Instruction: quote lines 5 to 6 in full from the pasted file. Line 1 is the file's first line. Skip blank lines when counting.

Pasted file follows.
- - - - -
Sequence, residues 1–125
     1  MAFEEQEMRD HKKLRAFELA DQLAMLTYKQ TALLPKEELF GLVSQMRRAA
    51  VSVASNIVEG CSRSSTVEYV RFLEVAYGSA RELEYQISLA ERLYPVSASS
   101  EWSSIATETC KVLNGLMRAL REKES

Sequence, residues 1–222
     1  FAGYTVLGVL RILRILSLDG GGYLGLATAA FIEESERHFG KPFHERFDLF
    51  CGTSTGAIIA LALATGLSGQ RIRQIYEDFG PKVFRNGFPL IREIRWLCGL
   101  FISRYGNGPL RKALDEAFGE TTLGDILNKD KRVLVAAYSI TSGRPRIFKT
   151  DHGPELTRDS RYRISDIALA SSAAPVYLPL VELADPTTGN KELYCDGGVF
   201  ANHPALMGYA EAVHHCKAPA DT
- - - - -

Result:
Sequence, residues 1–222
     1  FAGYTVLGVL RILRILSLDG GGYLGLATAA FIEESERHFG KPFHERFDLF